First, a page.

“National service volunteers, like those in AmeriCorps, have established strong records for providing critical help and assistance in times of crisis,” Hyde-Smith said. “It makes sense to expand this sector to help communities and states overcome the unprecedented hardships created by the coronavirus pandemic. I especially appreciate that this bill prioritizes service to rural and underserved areas.”
“AmeriCorps members have a long history of service to our communities, and now more than ever, our country is relying on public servants as we continue to address the coronavirus pandemic,” Harris said. “We must expand national service opportunities and ensure that every American who wants to serve is able to do so at this critical time. I am proud to join my colleagues to introduce this legislation.”
“America must chart a path forward both for Covid-19 recovery and addressing racism,” Dr. Cassidy said. “National service organizations create opportunity for Americans of different experiences and backgrounds to engage in meaningful solutions that make our communities stronger, safer and healthier for all.”
“Wisconsinites have always been committed to serving their communities, and many folks in our state have answered the call to serve to combat COVID-19 throughout our neighborhoods,” Baldwin said. “Now is the time to scale up our national service programs so those who want to take action and help our communities get through this pandemic have the opportunity to do so. I’m proud to cosponsor this bipartisan legislation that will help service organizations expand their reach to engage more people and bring communities together to combat this public health crisis, save lives and move our country forward.”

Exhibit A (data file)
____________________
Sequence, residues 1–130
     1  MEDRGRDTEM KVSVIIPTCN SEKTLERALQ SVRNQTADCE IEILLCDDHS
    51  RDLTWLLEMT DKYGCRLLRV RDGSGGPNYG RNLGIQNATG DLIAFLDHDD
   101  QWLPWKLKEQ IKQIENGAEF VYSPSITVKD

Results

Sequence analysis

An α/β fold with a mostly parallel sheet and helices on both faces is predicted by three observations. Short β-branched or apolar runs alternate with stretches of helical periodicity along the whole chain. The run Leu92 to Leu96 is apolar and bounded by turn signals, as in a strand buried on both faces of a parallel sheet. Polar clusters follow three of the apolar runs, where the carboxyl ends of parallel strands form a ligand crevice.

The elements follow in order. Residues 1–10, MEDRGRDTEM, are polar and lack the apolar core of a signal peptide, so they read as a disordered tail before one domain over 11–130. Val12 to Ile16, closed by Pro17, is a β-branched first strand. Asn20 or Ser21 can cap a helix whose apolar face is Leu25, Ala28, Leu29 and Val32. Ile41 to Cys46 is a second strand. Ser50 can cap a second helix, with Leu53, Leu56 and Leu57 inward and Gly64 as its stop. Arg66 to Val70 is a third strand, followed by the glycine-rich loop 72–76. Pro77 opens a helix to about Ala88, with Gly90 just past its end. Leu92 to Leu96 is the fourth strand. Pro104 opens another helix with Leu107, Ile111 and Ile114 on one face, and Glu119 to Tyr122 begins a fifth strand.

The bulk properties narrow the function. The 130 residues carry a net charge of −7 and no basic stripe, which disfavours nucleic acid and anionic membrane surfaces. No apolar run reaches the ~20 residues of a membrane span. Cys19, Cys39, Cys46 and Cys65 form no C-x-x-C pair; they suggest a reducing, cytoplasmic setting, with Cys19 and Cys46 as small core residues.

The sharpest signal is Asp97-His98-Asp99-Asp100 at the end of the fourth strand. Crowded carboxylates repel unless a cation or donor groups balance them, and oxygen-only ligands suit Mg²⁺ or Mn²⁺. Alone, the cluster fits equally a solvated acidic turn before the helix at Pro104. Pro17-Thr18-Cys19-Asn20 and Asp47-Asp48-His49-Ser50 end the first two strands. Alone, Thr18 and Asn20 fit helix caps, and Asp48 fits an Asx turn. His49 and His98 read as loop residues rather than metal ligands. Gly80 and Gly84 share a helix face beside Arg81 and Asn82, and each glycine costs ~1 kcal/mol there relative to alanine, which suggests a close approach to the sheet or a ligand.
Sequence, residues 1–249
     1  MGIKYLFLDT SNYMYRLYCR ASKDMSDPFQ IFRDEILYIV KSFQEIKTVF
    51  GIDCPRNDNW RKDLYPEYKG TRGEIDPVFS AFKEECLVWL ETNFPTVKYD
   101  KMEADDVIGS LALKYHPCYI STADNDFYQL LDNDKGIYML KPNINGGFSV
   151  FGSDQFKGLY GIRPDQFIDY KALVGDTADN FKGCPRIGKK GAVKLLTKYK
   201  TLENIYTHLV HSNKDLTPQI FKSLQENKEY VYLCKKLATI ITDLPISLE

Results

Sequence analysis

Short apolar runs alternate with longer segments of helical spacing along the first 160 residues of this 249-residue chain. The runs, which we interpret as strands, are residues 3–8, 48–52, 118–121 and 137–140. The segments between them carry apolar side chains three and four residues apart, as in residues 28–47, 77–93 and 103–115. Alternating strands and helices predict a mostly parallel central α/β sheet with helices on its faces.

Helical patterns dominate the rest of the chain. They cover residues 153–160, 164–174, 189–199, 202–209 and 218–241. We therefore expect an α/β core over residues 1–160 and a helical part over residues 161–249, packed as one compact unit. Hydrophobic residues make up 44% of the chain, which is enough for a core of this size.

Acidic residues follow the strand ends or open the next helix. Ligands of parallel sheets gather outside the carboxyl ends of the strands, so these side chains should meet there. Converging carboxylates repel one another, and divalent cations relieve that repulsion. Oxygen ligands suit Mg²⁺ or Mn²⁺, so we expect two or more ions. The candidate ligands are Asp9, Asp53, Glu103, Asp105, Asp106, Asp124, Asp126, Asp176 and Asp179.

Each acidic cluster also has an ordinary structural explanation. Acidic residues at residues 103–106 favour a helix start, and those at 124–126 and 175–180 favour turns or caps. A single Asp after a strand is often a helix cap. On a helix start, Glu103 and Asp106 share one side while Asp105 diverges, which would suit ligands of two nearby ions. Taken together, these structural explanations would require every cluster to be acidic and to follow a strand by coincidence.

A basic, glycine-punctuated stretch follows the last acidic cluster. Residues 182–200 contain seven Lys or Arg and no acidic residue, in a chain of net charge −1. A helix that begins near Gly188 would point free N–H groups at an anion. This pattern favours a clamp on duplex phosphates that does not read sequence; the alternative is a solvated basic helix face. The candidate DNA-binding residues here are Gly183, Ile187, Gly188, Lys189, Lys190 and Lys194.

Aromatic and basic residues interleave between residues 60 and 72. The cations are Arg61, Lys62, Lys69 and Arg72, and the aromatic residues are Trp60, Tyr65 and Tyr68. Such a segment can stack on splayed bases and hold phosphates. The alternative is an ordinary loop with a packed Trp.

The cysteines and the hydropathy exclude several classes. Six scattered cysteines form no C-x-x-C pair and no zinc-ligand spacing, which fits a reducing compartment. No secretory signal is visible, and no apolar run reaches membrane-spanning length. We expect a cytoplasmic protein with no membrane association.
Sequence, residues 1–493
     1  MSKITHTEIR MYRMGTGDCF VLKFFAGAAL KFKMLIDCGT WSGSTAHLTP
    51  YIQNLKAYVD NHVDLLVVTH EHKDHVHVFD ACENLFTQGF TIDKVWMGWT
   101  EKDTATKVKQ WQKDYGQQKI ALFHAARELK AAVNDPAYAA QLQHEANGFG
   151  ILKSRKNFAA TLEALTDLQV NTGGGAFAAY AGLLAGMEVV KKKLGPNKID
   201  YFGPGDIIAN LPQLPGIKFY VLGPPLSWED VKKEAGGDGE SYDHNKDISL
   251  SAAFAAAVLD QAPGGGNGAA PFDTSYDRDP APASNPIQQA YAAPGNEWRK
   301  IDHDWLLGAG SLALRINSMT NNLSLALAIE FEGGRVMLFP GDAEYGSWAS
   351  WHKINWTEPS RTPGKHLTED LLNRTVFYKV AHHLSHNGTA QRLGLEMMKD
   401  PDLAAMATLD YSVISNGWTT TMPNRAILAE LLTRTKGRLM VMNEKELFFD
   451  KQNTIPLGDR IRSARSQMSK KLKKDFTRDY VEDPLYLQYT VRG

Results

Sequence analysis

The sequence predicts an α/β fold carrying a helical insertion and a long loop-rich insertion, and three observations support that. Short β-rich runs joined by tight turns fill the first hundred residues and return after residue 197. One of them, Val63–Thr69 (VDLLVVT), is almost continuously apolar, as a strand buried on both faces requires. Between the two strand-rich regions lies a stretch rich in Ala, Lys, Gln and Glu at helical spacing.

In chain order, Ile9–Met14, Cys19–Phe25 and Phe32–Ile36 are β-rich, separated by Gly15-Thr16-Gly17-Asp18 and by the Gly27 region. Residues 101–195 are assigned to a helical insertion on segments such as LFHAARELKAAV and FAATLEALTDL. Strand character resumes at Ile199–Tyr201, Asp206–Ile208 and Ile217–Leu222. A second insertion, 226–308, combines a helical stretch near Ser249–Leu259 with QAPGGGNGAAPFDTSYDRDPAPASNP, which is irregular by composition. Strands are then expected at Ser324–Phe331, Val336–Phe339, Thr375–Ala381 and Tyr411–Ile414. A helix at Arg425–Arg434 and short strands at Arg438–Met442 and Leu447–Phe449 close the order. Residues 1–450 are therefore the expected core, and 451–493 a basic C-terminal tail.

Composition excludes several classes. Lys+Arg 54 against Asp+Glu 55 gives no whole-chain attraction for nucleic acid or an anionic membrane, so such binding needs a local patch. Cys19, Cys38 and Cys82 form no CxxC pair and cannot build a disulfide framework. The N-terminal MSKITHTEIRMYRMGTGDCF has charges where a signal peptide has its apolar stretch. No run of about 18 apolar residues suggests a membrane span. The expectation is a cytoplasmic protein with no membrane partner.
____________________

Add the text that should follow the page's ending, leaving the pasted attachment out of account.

“This pandemic has presented our communities with public health and financial challenges unlike any we’ve seen in our lifetimes,” Cornyn said. “This legislation would help utilize the wide-ranging skills of thousands of Texans serving in the AmeriCorps and Senior Corps during this crisis to serve those most in need.”
“As Americans work to recover from the wide-reaching impacts of the coronavirus pandemic, AmeriCorps and Senior Corps members have tackled growing challenges with energy, enthusiasm, and compassion,” King said. “We need to build on their good work, and empower them and others to help strengthen our communities – addressing both obstacles caused by the pandemic and those that predated the virus. In essence, this legislation is a bet on the American people’s ability to respond to a crisis with dedication and ingenuity – and there’s no group I have more faith in.”